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Russian President Vladimir Putin is eyeing the consequences of another conflict between two former Soviet Union nations after 99 Armenian soldiers were killed by Azerbaijani forces Tuesday.
The Armenian Defense Ministry said at least 49 soldiers were killed in a shelling attack by Azerbaijani troops just after midnight. Azerbaijan, meanwhile, said that 50 of its service members died in a “large-scale provocation.”
Fighting has continued off and on throughout the day despite calls for a cease-fire by Russia, which, according to the Kremlin’s press secretary, exerts significant influence in the region.
“It is difficult to overestimate the role of the Russian Federation, the role of Putin personally,” Dmitry Peskov told reporters, according to Reuters. “The president naturally is making every effort to help de-escalate tensions at the border.”
Russia’s foreign ministry claimed to have brokered a cease-fire Tuesday morning, though reports later suggested the truce had fallen through.
The Armenian defense ministry said fighting had fizzled out in some areas but that Azerbaijani forces were still attempting to advance into its eastern territory.
Civilian infrastructure was also said to have been damaged in the attacks but casualty figures among civilians in Armenia remain unknown.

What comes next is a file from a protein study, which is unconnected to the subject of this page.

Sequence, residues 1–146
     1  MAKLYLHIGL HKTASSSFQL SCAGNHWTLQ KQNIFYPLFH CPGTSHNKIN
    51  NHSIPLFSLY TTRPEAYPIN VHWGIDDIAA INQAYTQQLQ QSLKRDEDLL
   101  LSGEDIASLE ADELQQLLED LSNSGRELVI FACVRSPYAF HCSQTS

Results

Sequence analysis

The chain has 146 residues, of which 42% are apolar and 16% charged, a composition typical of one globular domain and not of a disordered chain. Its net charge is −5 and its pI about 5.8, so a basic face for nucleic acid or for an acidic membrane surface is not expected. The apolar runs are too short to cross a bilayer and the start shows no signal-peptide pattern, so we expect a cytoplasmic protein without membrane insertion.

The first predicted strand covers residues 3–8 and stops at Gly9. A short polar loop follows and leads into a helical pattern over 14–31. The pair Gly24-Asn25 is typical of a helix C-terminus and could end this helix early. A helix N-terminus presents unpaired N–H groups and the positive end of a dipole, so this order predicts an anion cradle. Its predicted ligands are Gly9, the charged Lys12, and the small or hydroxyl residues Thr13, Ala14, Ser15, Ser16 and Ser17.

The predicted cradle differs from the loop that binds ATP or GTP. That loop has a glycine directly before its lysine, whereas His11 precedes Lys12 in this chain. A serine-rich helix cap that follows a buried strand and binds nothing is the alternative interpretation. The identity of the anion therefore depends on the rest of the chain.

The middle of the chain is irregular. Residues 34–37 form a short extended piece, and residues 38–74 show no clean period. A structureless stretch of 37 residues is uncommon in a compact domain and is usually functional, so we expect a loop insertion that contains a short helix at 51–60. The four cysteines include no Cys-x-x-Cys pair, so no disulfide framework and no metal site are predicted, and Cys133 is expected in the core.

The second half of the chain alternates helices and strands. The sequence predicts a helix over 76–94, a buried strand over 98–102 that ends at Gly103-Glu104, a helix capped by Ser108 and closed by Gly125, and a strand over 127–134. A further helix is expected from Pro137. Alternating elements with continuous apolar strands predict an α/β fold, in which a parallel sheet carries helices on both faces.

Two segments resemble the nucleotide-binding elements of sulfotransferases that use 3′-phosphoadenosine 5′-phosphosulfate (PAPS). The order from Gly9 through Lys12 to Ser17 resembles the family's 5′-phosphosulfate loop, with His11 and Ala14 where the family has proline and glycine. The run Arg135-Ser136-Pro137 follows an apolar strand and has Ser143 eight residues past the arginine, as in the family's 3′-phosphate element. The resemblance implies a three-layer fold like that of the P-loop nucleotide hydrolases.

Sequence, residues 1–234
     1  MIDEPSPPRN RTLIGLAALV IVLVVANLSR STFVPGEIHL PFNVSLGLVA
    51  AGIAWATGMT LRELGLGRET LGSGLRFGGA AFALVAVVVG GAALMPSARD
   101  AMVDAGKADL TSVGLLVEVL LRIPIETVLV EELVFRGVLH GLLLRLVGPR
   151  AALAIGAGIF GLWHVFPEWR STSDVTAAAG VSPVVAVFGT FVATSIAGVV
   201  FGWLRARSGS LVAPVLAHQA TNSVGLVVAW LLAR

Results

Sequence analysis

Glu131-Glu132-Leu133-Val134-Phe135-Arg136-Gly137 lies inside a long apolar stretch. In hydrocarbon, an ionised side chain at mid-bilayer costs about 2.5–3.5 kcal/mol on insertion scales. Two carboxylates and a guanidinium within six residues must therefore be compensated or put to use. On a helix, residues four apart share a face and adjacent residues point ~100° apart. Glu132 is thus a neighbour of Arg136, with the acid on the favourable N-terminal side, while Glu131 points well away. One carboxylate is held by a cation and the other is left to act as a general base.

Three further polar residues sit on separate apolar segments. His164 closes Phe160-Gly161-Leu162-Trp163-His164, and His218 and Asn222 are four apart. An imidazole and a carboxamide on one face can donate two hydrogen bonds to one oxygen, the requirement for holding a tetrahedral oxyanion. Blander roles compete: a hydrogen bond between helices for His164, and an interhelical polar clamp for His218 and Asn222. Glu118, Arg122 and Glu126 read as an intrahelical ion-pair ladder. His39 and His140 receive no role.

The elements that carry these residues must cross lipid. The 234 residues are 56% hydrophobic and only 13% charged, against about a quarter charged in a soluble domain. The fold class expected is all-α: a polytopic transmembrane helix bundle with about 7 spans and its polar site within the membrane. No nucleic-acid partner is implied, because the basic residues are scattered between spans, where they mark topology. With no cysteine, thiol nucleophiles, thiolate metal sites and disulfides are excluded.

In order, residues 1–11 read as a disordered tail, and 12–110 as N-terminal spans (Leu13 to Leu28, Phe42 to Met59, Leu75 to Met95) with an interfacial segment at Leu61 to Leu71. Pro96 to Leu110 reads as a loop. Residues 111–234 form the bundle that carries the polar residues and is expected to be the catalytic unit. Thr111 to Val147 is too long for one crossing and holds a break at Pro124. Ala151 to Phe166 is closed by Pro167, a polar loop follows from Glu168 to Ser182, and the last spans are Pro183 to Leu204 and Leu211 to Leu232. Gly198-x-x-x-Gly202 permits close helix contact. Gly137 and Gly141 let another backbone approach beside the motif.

Azerbaijan claimed the attacks were in response to “large-scale provocations” by the Armenian military after its troops allegedly planted mines and fired upon its soldiers.
The Tuesday conflict stems from decades of aggression over a contested mountainous territory in the South Caucasus known as Nagorno-Karabakh, which is internationally recognized as part of Azerbaijan but has been under the control of Armenia-backed forces since 1994.
Russia deployed some 2,000 peacekeeping troops to the region in 2020 as a six-week war killed more than 6,600 people after Azerbaijan reclaimed large areas of the Nagorno-Karabakh and ended only after Moscow facilitated a peace deal.
Russia on Tuesday said the fighting should be resolved “exclusively through political and diplomatic means.”
The Associated Press contributed to this report.